The old NEDC regime was widely criticised for being well off the mark. The new system has been shown to reveal 21pc higher emissions on average. That has huge implications for many cars in terms of what VRT band they fall into if nothing was done.
The Plan cites the International Council on Clean Transportation (ICCT) estimation that between 2010 and 2017 the real-world CO2 performance of newly registered Irish cars completely stagnated, even though the official NEDC data showed a large improvement during the same period.
The authors say: “Essentially there is an argument that VRT charges were far too low during the last decade as the rates applied were based on vastly underestimated CO2 values.”
The Climate Action Plan (CAP) 2019 planned for transportation sector emissions to decrease by 45pc-50pc.
Central to that are CAP targets that we will have 550,000 EVs and 290,000 PHEVs on the road by 2030. It is clear that the strategy in the report is aimed at getting more people to switch to such vehicles (all new fossil-fuelled cars are to be banned for sale from 2030).
Against that backdrop the TSG authors say: “Vehicle taxation of average and above average emission cars will need to increase so that the cost gap between ultra-low emission vehicles and the rest provides strong enough incentives to motorists in the market for a new car to make ‘greener choices’.”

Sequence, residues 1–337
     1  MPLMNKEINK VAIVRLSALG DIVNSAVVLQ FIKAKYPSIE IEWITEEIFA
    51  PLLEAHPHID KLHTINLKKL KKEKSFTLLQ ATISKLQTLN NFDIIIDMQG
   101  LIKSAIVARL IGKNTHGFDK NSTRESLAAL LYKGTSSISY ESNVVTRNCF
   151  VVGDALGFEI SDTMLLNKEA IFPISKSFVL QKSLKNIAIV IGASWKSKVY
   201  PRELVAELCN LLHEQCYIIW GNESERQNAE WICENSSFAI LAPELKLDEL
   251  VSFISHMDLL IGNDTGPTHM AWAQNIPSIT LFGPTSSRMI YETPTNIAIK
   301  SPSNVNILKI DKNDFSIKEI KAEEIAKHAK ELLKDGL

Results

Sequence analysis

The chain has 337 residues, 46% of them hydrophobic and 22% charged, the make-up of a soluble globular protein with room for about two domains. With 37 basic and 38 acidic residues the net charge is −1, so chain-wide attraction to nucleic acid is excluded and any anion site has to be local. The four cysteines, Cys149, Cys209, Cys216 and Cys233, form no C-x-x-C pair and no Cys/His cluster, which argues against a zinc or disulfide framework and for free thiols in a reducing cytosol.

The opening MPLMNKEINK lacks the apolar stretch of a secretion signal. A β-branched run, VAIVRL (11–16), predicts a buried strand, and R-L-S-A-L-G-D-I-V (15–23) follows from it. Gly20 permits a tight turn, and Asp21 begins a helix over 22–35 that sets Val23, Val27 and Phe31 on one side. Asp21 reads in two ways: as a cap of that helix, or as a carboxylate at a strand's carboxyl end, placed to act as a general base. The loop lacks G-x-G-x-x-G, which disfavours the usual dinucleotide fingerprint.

If no adjustments are made to the VRT regime the TSG paper says used imports would gain an unfair competitive advantage over new cars (as a result of lower VRT rate) because they were subjected to a less stringent testing regime.
The main issue is that the large volume of used, mostly diesel, cars from the UK have CO2 emissions well above the Irish average.
“The policy objective is therefore to both maintain a level playing field for new and used cars, while delivering on the government’s climate action goals to the greatest extent possible.”
As part of its approach to the new regime it says the simplest transition to WLTP would involve making no adjustment to rates or CO2 bands to take account of the new test.
For example, a NEDC tested petrol car with 115 gCO2/km would be re-valued at 140 gCO2/km, meaning a rate increase from 17pc to 19pc.
But it notes that it would mostly have the effect of raising rates – and prices - across the board.
The second option suggests a single VRT charging table for all cars, regardless of which test they were subject to.
It would create the ultra-low emission vehicle band – with emissions lower than 50 g/km.
That would mean that EVs and some PHEVs would have their VRT reduced by half (14pc to 7pc).